By Tony Attwood
It is not unusual to find that at the start of the season there is talk in the media about clubs breaking into the top four or top six or top anything else. Usually this is accompanied by talk about Arsenal dropping out of the top group – it is the media’s favourite theme.
Indeed even after the unbeaten season, newspaper pundits were predicting Arsenal’s immediate decline on the grounds that the club couldn’t keep this record up, players were going to leave, and so we would slip.
It was true in a way, Arsenal did not win the league again under Mr Wenger, but he kept Arsenal in the top four for many more years after that. And gave us the record number of FA Cups.
But what of now. Is there really a new top four, a new big six and so on?
Here is the top ten from last season.
The top two were way out in front, and had Europe to contend with as well as fighting for top spot in the league. But what of the rest?
Manchester United have the money to buy big time players because of their world wide marketing, although their B shareholders are guaranteed a huge payment each year irrespective of how well they do financially. The one thing that has cropped up of late is their dependence on penalties given at Old Trafford, which could of course change if referees decided to consider the strange figures from last season.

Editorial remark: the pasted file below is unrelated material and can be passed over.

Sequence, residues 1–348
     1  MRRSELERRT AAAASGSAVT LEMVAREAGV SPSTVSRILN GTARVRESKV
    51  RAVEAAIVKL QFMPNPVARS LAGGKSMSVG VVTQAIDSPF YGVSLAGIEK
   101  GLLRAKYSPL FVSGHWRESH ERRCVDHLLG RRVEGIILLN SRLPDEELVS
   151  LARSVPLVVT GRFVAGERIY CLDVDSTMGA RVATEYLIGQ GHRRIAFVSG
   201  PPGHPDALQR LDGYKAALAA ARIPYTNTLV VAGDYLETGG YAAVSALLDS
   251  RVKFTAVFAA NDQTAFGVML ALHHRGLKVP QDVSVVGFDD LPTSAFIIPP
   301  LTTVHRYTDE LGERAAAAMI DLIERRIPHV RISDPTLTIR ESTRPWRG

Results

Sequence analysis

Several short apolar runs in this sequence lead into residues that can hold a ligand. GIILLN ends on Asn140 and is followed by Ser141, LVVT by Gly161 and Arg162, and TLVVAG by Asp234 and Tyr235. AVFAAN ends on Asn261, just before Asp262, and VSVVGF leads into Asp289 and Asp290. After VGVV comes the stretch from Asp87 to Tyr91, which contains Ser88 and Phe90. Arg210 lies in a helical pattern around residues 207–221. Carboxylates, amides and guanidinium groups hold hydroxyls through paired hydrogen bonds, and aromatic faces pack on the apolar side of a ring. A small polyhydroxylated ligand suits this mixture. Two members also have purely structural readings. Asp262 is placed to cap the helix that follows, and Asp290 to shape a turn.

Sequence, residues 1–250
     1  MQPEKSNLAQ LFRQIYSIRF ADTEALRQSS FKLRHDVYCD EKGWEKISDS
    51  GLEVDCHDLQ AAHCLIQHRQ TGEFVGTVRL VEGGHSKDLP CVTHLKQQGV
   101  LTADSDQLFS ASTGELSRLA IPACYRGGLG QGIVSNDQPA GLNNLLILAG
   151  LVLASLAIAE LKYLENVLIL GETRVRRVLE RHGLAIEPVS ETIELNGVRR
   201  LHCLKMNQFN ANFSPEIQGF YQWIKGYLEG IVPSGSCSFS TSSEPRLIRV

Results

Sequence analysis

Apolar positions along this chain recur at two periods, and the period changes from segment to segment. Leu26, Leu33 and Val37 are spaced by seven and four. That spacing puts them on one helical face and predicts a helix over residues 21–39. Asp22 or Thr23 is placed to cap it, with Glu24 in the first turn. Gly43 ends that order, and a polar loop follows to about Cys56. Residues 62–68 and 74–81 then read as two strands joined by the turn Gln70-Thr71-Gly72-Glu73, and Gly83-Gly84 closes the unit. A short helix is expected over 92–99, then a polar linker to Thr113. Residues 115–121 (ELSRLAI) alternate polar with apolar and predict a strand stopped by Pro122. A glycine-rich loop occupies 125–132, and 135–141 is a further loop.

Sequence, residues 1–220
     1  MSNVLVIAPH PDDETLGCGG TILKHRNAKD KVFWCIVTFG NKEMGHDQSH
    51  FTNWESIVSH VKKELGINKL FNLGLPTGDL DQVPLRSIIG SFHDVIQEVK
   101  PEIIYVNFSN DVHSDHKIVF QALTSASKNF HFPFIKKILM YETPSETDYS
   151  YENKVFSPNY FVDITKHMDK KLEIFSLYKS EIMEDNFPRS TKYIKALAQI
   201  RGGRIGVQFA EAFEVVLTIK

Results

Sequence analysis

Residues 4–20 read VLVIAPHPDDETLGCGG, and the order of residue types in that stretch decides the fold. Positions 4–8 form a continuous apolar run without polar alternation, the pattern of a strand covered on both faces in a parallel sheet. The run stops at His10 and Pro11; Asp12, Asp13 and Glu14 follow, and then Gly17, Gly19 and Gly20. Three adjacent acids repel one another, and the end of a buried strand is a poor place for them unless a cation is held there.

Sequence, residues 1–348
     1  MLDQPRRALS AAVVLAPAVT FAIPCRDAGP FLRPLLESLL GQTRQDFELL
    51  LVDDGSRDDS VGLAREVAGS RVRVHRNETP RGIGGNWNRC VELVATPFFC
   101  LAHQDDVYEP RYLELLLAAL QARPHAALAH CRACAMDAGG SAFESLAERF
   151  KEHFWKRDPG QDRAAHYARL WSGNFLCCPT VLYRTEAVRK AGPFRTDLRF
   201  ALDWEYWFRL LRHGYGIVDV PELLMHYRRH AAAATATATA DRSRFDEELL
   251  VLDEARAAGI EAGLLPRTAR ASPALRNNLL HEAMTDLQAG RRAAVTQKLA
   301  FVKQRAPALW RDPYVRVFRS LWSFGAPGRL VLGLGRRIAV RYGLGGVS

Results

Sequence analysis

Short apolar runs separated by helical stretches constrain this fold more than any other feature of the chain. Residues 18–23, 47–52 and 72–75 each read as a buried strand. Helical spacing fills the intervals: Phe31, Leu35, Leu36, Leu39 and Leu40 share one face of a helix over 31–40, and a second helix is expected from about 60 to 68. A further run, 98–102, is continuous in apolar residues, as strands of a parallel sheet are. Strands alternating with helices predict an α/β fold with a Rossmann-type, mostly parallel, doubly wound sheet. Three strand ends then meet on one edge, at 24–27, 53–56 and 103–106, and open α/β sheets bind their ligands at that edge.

Chelsea are spending considerable amounts again, although their owner is not attending matches, and that might mean that with the stadium project abandoned, following the denial of his visa request, he is getting ready to sell. Selling while at the top will bring in the owner extra money and recoup his investment.
So of the top four Manchester United looks the only one who might slip – but that slippage would have to be accompanied by a major push from a rival.
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Leicester did win the league a while back and it would be fascinating to see if in doing so their tackle / foul / yellow card figures were as weird as they were last season. As we have noted before, half way through the season Leicester were second, and then suddenly fell apart – just as questions were raised about those weird figures. And it wasn’t as one correspondent suggested, all down to one player injury because the collapse started long before that.
So much depends on whether they can pull the same trick again. The suggestion that the Premier League’s official site is going to change this year to include all three relevant statistics (Yellows, fouls, and tackles) indicates an eye is being kept on them. It will, I suspect, be tough to pull the same trick again, for even without referee assistance, everyone now knows what their game was.
Tottenham have won the debt league before the season starts, and that must hamper their buying to some degree, for their whole future model was built on the new stadium with its multiple use for other events. They were sixth half way through the year, and that is where they finished up.